What Are You Wearing?

You may think this is a blog about modesty.  It’s not.  As humans, we wear a lot more than just physical clothing.  We wear spiritual ones, too.  In fact, the Bible uses the metaphor of putting on clothing quite a lot to paint a vivid picture for us.  We are to clothe ourselves with humility and patience (1 Peter 5:5, Col. 3:12), adorn ourselves with strength and dignity (Prov. 31:25), put on the full armor of God (Eph. 6:11), and gird ourselves with truth and strength (Eph. 6:14, Ps. 18:39) just to name a few.  Every single day, just as we pick out what shirt we’re going to wear, we need to be picking out our spiritual attire as well.  To assume we’ll just wake up and walk out the door with the virtues the Bible lists for us to wear is as foolish as thinking we’re publicly presentable without having gotten dressed.

As functioning members of society, no one would imagine leaving the house undressed.  But if we don’t wake up intentionally choosing our spiritual robes, then we might just be writing ourselves into a modern version of The Emperor’s New Clothes.  Paul takes this even further when he says in 2 Corinthians 5 that we in our physical bodies long to be “clothed instead with our heavenly dwelling, because when we are clothed, we will not be found naked.”  But until the day when we receive our perfect heavenly bodies and “what is mortal may be swallowed up by life,” we have these physical ones which daily display our spiritual selves.  So that means we have a choice to make.

Our choice about what spiritual robes we wear has to be intentional.  If it’s not, by default, we will go with what is comfortable and familiar, for we are creatures of comfort and we stay with what we know, even if what we know is destroying us.  Just look at the Israelites.  They were a people in bondage to the cruelty of the Egyptians for 400 years and yet, after being rescued by the Lord, they repeatedly expressed a desire to return.  They were scared.  They were hungry.  They were tired (Ex. 16:3, 14:12; Num. 14:4). We act a lot like the Israelites but most of us don’t realize it.  We let anger cloud our judgment and pride rule our actions.  We don’t like to consider another person’s perspective or the ways we could be wrong.  Some of us have become so good at our sin that it would be foreign for us to think or act without it.  It has become the shirt we wear, worn and comfortable.  And it is this that leaves us in bondage, choosing the invisible chains of a sinful mentality, for we would rather follow familiarity than be free.  We would rather wear rags.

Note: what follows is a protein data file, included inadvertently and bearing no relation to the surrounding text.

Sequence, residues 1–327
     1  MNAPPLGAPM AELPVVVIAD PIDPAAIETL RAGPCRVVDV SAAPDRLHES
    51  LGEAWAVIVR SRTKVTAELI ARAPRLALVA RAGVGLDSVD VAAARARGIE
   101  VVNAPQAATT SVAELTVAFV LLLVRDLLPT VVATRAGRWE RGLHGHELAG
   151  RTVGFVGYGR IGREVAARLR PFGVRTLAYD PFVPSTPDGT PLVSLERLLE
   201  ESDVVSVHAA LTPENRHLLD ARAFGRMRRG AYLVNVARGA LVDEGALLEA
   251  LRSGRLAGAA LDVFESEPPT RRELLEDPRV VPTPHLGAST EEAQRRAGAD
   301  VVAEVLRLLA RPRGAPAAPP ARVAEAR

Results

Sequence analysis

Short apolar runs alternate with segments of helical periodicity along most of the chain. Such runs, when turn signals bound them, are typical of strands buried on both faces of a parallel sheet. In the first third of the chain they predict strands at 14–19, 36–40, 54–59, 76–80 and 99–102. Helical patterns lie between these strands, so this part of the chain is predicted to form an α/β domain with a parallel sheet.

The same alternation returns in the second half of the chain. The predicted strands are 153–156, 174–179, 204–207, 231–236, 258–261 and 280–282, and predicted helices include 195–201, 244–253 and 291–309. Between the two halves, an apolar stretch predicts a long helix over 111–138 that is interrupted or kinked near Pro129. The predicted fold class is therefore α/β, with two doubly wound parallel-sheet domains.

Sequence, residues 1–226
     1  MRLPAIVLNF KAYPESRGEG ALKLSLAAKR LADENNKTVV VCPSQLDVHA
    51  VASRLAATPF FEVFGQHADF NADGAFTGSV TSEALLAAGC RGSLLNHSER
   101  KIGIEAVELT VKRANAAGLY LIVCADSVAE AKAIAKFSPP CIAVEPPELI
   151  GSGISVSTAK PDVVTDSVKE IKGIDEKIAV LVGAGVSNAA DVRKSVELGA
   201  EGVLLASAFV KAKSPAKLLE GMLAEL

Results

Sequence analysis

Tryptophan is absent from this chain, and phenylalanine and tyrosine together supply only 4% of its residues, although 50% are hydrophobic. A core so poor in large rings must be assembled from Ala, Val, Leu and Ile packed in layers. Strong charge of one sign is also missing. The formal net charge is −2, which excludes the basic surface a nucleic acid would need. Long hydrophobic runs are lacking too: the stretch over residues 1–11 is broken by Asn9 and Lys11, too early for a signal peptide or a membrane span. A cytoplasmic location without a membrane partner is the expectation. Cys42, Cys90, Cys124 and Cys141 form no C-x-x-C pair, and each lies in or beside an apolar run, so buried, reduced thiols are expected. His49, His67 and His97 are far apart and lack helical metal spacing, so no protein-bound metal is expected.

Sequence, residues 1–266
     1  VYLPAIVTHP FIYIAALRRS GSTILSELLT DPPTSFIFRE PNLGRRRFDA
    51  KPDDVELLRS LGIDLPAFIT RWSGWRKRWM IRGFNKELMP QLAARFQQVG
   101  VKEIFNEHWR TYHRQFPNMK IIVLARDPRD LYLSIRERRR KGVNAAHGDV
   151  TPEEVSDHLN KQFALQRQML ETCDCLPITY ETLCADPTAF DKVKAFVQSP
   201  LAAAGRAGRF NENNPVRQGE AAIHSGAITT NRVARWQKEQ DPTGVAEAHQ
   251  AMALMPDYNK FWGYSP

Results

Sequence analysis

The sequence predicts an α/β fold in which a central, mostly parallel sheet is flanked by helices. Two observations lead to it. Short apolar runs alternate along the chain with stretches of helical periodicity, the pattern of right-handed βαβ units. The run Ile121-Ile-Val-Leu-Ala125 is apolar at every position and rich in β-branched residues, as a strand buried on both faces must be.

If you’re wondering what these spiritual robes or rags are exactly, Colossians 3 is a great chapter to read.  In it, Paul tells the church at Colosse the things they are to “put to death,” or what robes they are not to wear, in our case.  Things like anger, rage, malice, and slander.  When we read a list like this, it seems pretty easy to say, “Of course, I would never clothe myself in things like that.” But if we don’t intentionally set those aside as options for us as Christ followers, they can comfortably wrap themselves around us easier than we’d like to think.  We might have a way of dealing with a situation or a person that we’ve never really brought before the Lord.  We might hold a viewpoint or believe in a platform that we’ve never allowed the Lord to speak into.  And so, we treat situations and people, and hold beliefs and convictions, with anger or rage or malice without even realizing it.  If we don’t examine our hearts, we may be wearing filthy rags and not be aware of it because they fit us so well.

Thankfully, Paul’s letter doesn’t end on that note.  When God tells us what to take off, He follows it up with what to put on, offering us a much better outfit.  “Therefore, as God’s chosen people, holy and dearly loved, clothe yourselves with compassion, kindness, humility, gentleness and patience” (vs. 12).  That’s a good list to check yourself against.  Is my action or reaction showing compassion and kindness?  Is the stance I’m taking on this issue one of humility and characterized by gentleness and patience?  For when these are the questions we are asking ourselves, we will be more inclined to recognize when our robes are getting a bit dirty and, more importantly, we will desire to wear the outfit of Christ: “And over all these virtues put on love, which binds them all together in perfect unity” (vs. 14).

Most of us care (at least a little bit) about what we look like.  Yet what might we truly look like if we spent as much time dressing our spiritual selves as our physical ones?  Let the daily task of picking out your shirt in the morning be a reminder to you that while you clothe your outer body, as a believer in Jesus Christ you are also to wrap yourselves in the virtues of God, who Himself is described in Revelation as being “dressed in a robe dipped in blood” (19:13).  For it’s only when we wear robes that have been washed in the blood of the lamb that we are truly clean (7:14).